Size matters

By |2007-04-12T09:00:00-04:00April 12th, 2007|Entertainment|

By B. George

Don’t try to hide it, it’s clear: Your world crumbles when Macy Gray is not near. Now, nearly four years after her last studio album, the raspy-voiced Grammy winner returns with “BIG,” her first effort under her new label will.i.am music group/Geffen. Largely produced by Black Eyed Peas’ will.i.am and Ron Fair with help from Justin Timberlake and vocal cameos from Fergie and Natalie Cole, BIG proves that Gray just can’t do things any other way. The budding actress and philanthropist (she established the M. Gray Music Academy in North Hollywood) spoke to us about her questionable fashion choices, her sexual experimentations and her misunderstood “craziness.”

Q. It’s been almost four years since your last album. What took you so long?
A. I changed labels, and that took me a long time, and then it took me about two years to make the album.

Q. Could you have ever made an album like this one on your old label?
A. No, because the people who made my album are all at Geffen: Ron Fair, who’s the chairperson, and will.i.am. So absolutely not. I wouldn’t have ended up working with them and it would’ve been a whole ‘nother kind of album.

Q. What did will.i.am and Justin bring to the project?
A. They’re both really great visionaries. They’re both passionate and excited about music and they want to make changes in music and do things differently, so we all related on that level.

Q. Do you have a crush on Justin like everyone else?
A. No. [Laughs] He’s a sexy guy, but I don’t have a crush on him.

Q. Why did you name the album “BIG”?
A. Because it was such an enormous time in my personal and my professional life. Everything was changing and moving along, so it was very different.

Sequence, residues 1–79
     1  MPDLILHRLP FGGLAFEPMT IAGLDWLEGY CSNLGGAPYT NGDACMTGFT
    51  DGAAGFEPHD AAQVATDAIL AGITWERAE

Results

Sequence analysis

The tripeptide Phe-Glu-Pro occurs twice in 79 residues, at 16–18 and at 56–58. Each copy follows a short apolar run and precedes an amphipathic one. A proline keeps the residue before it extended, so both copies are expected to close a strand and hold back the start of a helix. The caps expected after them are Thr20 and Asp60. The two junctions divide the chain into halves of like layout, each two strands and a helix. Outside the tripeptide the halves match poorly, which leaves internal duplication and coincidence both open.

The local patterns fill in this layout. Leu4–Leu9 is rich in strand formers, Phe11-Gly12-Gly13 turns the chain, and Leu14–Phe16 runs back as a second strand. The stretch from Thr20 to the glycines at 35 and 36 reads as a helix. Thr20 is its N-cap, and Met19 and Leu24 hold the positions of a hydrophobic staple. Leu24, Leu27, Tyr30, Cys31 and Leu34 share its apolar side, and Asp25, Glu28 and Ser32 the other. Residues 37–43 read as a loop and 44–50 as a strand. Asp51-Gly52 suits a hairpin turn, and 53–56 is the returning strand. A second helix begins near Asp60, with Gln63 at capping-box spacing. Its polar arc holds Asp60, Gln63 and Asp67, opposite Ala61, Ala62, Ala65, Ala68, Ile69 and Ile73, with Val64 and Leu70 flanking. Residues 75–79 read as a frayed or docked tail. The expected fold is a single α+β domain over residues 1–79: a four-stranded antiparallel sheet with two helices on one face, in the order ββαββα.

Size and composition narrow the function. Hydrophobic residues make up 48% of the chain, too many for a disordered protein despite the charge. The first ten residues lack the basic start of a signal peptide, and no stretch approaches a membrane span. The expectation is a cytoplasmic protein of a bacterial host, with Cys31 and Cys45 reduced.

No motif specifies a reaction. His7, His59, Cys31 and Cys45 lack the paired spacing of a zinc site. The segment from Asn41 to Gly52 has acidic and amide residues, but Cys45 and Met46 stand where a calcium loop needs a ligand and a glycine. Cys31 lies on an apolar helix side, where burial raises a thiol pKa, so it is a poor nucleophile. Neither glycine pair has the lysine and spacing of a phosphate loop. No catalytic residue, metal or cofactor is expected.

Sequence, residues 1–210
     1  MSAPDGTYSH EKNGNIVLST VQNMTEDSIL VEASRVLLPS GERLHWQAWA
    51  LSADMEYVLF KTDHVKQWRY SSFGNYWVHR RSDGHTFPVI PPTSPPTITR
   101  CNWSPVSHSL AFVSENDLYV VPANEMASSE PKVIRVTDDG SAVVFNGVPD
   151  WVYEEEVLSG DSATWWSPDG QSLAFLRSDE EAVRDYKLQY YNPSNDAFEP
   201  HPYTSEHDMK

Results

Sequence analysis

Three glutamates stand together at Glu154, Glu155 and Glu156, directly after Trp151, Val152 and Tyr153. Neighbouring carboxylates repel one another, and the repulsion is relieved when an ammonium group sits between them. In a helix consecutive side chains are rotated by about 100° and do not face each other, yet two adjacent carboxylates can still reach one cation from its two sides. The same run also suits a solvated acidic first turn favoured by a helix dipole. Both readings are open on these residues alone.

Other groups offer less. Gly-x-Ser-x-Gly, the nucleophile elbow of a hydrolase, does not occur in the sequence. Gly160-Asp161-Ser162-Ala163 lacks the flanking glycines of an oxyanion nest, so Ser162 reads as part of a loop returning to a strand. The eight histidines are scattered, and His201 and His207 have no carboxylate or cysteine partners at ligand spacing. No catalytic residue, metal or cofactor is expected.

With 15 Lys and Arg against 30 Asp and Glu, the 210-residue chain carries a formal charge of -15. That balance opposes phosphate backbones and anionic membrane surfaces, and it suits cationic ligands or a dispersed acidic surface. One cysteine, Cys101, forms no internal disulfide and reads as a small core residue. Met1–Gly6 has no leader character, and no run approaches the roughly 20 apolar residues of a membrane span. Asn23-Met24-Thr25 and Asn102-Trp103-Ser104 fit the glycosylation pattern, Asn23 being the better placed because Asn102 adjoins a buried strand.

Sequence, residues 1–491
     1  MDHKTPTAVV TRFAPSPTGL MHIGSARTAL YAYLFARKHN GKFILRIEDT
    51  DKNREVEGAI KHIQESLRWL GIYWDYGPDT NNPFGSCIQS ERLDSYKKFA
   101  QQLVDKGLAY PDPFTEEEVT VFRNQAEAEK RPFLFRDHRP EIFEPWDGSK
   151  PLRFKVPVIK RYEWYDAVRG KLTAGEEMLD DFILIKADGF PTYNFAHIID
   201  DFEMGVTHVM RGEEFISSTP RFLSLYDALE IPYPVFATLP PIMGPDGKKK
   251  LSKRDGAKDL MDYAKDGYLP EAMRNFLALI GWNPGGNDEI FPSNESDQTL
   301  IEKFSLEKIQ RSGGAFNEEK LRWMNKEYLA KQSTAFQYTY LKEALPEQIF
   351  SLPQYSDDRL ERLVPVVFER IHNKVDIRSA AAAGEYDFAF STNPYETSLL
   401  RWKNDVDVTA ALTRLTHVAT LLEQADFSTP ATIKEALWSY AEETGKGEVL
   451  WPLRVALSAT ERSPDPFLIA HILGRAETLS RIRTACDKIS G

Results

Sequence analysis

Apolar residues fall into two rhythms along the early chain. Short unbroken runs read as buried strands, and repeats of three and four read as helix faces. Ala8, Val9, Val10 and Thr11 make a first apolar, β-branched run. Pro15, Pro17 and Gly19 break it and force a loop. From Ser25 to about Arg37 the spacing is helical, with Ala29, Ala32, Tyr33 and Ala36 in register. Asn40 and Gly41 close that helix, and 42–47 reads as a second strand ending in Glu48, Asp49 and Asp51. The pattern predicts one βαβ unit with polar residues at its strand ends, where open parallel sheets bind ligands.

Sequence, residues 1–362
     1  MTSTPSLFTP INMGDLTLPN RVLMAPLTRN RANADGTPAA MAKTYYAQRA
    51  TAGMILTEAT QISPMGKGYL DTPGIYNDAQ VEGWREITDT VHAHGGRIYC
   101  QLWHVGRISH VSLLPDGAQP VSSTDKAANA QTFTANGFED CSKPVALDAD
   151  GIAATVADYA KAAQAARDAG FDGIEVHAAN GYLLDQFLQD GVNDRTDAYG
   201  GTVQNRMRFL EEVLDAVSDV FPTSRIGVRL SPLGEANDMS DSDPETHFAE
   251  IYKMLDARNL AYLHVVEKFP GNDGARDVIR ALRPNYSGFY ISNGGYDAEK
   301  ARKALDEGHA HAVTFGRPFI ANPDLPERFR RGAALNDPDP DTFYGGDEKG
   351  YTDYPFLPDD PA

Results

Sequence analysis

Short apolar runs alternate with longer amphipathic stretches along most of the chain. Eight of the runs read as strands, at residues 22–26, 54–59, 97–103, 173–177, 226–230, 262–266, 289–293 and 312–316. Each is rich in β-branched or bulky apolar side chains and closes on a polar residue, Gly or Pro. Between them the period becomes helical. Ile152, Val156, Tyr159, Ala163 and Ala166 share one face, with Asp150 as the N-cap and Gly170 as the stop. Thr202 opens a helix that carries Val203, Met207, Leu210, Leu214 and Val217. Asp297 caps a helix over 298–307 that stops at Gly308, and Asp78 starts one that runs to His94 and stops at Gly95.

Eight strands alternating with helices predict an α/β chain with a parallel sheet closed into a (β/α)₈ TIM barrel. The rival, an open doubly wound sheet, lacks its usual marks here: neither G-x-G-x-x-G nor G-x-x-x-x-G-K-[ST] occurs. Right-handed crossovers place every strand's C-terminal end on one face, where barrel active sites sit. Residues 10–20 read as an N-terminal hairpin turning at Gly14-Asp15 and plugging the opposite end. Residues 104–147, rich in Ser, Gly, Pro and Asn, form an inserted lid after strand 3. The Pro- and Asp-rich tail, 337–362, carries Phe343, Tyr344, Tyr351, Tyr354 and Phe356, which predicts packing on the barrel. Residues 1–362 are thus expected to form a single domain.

Q. Tell us about the first single, “Finally Made Me Happy.”
A. It’s just about getting out of a relationship and how when you’re in a relationship they really influence you and change you up. When you’re out of it you rediscover yourself and remember the things that you enjoyed and you start hanging out with your friends again.

Q. Did it take you a while before you were at a place where you could sing about being happy?
A. Yeah, it took a couple of years.

Q. Another standout track is “Okay,” which is about surviving as a single mom. As a single mom in the music industry who’s been through her share of problems, do you have any advice for Britney Spears?
A. Her life is very different from most people’s. She’s going through a lot, she just had another baby and went through a divorce, everybody’s watching her, and I think that would be very difficult for anybody. She’s human and those are very heavy situations for anyone to deal with, and I’m sure it just doubles it that everyone watches and makes fun of it. So I actually feel really bad for her.

Q. The track “One” talks about the search for Mr. Right, so what exactly are you looking for?
A. Well, I met someone who’s very happy, which is very refreshing because you see these guys and they always end up having issues or some kinda shit that’s going on. I’ve been hanging out with someone who I really have a good time with. He has a great perspective on life, he’s funny and he doesn’t take things too seriously. We’re just having a good time right now.

Q. On “BIG” you follow up past songs like “I’ve Committed Murder” and “Give Me All Your Lovin’ or I Will Kill You” with “Strange Behavior,” which is about a wife killing her husband for the insurance money. It’s enough to make a man nervous!
A. I know. Well, “Strange Behavior” came from when I was watching A&E one day and they were doing this marathon on wives and husbands who killed their spouses for money or because they wanted another lover or whatever. So it’s not to make fun of it, but it’s kind of crazy how you can marry someone and all of a sudden they become secondary to an insurance payment.

Q. But is the general message not to fuck with Macy?
A. [Laughs] No, it’s about how times and our priorities are changing and how we’ve become a very self-absorbed, materialistic society. Even though it’s kind of funny, it’s very tragic what’s happening to us.